Nigerian Journal of Cardiology

: 2014  |  Volume : 11  |  Issue : 2  |  Page : 84--87

Prevalence and predictors of carotid artery atherosclerosis and its association with coronary artery disease in north Indian population

Zafar Ali Wani1, Riyaz Ahmad Bhat1, Imran Khan1, Irfan Khan2, Tahir Saleem1, Zeeshan Wani3,  
1 Department of General Medicine, Sher-i-Kashmir Institute of Medical Sciences, Soura Srinagar, Kashmir, India
2 Department of Pathology, Government Medical College, Jammu, Jammu and Kashmir, India
3 Department of Gastroenterology, ILBS, New Delhi, India

Correspondence Address:
Riyaz Ahmad Bhat
Flat F 18, Married Hostel, Sher i Kashmir Institute of Medical Sciences, Soura, Srinagar 190 011, Jammu and Kashmir


Background: The reported prevalence of concomitant coronary and carotid atherosclerotic disease has varied among studies due to differences in study populations and methodologies used. Objectives: The purpose of the study was to know the prevalence of carotid atherosclerotic disease and to evaluate the relationship between coronary and carotid atherosclerotic disease. Materials and Methods: We performed a prospective study from December 2010 to November 2012 to determine the association of carotid artery stenosis (CAS) with documented coronary artery disease on Angiography in Kashmiri population. Continuous variables were expressed as mean ± SD. Two-sided unpaired DQtDQ- test was performed for continuous variables and x 2 test for discrete variables. Multivariate stepwise logistic regression analysis was performed to detect independent predictors of CAS using factors that had significant relation in univariate analysis. A value of P ≤ 0.05 was considered statistically significant. Results: The study included 100 patients among whom 19.0% had significant carotid atherosclerotic stenosis (stenosis > 50%). The severity of carotid atherosclerotic stenosis and the carotid artery disease were significantly correlated (P = 0.001). The percentage of patients with three vessel involvements (42.1%) and significant carotid stenosis were more as compared with two vessels (31.6%) and one vessel involvement (21.1%). Independent predictors of significant CAS were the presence of left main descending carotid artery disease (31.3%), triple vessel carotid artery disease (17.8%), increasing age, a history of stroke or myocardial infarction (21.05%), smoking status (78.9%), diabetes mellitus (78.94%), and hypertension (78.94%). We did not find any significant correlation between carotid atherosclerotic stenosis and gender or degree of dyslipidemia. Conclusions: The degree of carotid atherosclerotic disease is related to the extent of coronary artery disease and important risk factors.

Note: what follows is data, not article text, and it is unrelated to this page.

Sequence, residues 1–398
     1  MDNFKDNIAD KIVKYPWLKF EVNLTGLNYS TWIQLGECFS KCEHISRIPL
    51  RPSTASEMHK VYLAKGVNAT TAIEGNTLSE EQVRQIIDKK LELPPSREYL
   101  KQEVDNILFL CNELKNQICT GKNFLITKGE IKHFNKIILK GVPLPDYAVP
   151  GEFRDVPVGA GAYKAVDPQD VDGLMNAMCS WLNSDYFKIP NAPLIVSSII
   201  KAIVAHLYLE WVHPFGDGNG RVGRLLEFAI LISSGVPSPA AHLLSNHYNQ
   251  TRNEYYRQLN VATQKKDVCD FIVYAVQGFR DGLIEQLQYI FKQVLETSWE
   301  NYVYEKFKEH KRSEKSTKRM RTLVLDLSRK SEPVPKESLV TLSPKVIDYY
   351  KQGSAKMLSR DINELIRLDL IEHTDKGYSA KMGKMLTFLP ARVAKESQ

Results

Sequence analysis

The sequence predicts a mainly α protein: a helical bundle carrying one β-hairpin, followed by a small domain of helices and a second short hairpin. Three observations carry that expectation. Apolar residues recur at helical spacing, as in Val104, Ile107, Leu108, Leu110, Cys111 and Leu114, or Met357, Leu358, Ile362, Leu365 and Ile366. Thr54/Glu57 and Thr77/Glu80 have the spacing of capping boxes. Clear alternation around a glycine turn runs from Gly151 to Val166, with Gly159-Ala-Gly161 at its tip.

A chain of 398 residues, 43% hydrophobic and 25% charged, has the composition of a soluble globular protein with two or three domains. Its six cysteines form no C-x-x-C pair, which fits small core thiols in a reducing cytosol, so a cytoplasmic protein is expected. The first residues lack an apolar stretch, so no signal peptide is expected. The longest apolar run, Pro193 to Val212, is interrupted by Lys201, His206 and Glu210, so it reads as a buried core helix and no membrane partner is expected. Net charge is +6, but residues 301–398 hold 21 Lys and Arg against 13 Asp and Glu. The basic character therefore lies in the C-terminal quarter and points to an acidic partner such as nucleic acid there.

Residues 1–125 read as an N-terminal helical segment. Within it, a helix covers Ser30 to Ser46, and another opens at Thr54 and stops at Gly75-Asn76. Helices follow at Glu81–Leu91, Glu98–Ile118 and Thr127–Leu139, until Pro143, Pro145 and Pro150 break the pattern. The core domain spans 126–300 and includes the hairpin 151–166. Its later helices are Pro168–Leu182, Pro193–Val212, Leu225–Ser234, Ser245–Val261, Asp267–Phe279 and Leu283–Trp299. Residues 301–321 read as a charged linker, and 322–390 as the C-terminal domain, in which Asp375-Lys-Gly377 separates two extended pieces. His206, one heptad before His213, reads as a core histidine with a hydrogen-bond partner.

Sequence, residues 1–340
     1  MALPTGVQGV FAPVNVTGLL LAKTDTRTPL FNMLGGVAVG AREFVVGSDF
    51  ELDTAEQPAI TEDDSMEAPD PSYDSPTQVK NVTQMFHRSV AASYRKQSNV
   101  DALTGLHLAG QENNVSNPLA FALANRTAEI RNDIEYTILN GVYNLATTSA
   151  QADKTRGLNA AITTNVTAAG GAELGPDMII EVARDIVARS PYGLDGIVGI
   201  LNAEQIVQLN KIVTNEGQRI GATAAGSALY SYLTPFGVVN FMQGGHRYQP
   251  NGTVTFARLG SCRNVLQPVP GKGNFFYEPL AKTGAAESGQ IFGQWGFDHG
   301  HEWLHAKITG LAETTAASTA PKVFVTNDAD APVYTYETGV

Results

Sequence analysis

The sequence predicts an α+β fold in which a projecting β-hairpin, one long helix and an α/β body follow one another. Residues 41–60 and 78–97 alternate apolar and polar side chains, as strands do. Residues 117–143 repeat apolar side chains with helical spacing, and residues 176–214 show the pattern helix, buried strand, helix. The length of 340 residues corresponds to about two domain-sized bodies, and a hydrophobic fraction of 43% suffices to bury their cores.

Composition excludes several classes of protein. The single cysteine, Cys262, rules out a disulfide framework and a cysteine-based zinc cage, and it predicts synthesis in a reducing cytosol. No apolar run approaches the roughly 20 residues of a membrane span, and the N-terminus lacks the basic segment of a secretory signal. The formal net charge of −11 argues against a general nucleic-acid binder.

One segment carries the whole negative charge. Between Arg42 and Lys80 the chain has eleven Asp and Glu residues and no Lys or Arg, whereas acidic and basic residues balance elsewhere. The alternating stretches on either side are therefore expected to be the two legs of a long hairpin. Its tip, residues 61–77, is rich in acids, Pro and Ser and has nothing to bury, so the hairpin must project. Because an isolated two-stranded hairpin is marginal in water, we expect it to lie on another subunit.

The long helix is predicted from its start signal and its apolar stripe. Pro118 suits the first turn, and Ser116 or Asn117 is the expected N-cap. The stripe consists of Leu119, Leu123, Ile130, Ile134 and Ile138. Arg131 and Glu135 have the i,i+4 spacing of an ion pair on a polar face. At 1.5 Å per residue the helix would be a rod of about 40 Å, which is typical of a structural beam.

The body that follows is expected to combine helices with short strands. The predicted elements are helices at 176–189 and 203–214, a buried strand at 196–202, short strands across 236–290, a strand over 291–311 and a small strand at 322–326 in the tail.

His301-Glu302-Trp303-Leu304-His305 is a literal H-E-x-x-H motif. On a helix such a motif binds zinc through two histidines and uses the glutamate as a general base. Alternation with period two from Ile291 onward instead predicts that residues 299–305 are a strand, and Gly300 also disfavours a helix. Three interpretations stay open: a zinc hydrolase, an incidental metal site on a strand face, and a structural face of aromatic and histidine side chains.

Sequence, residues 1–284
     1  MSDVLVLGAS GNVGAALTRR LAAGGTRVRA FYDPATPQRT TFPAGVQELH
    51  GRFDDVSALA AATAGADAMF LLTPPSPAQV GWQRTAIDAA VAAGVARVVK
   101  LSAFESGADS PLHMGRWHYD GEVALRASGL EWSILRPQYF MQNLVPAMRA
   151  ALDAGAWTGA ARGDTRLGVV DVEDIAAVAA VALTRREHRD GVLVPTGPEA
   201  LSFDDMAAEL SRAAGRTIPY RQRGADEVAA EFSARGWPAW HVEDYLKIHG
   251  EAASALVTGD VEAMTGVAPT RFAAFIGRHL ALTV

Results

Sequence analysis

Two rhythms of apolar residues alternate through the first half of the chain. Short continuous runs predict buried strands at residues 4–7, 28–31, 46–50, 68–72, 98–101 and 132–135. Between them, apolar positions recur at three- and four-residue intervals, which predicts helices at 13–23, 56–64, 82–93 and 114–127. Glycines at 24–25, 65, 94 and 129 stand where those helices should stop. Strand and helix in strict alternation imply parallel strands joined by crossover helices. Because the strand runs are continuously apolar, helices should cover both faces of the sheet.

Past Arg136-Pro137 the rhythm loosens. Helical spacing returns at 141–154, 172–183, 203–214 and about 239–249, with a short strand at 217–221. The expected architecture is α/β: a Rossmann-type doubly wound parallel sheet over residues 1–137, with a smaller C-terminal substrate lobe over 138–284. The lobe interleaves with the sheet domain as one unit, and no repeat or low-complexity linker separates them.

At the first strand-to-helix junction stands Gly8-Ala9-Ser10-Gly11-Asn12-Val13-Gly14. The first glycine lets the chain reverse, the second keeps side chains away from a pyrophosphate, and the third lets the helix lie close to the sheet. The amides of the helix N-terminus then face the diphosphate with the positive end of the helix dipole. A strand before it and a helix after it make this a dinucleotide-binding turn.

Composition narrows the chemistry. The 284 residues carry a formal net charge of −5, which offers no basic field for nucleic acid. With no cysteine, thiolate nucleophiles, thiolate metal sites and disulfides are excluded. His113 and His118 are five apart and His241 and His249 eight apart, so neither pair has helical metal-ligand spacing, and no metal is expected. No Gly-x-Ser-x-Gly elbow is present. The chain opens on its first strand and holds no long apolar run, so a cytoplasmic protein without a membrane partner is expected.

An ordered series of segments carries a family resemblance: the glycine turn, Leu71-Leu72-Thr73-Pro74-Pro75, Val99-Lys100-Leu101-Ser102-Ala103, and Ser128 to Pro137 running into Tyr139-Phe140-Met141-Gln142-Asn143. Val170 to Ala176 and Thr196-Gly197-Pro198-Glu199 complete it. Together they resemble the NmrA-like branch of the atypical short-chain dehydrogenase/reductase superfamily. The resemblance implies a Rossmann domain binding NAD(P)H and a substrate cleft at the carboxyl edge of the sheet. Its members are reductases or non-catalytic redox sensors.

How to cite this article:
Wani ZA, Bhat RA, Khan I, Khan I, Saleem T, Wani Z. Prevalence and predictors of carotid artery atherosclerosis and its association with coronary artery disease in north Indian population.Nig J Cardiol 2014;11:84-87

How to cite this URL:
Wani ZA, Bhat RA, Khan I, Khan I, Saleem T, Wani Z. Prevalence and predictors of carotid artery atherosclerosis and its association with coronary artery disease in north Indian population. Nig J Cardiol [serial online] 2014 [cited 2021 Jul 24 ];11:84-87
Available from:

Full Text


Atherosclerosis is a systemic inflammatory vascular disorder, involving multiple arterial beds. [1] Although modern pharmacotherapy and revascularization have markedly enhanced the prognosis of patients with atherosclerotic vascular disease, myocardial infarction (MI) and stroke remain leading causes of mortality and morbidity due to this disease. [2] Concomitant atherosclerotic lesions of the extracranial internal carotid arteries (ICAs) and the coronary circulation portend an adverse prognosis in various clinical settings, including asymptomatic individuals, stroke patients, and patients undergoing coronary artery bypass surgery. [3],[4],[5] Previous postmortem [6],[7] and clinical [8],[9],[10],[11] studies, often small in sample size, have reported a variable prevalence of concomitant carotid and coronary lesions in patients with or without clinically evident cardiovascular disease. Thus, the prevalence of clinically important, concomitant carotid artery stenosis (CAS) and coronary artery disease (CAD) requires further definition in larger populations.

We performed ICA duplex ultrasound studies in consecutive patients undergoing clinically driven nonemergent coronary artery angiography. The prevalence and predictors of severe internal CAS in patients with CAD were analyzed using current consensus guidelines for the definition of CAS. [12]


Study population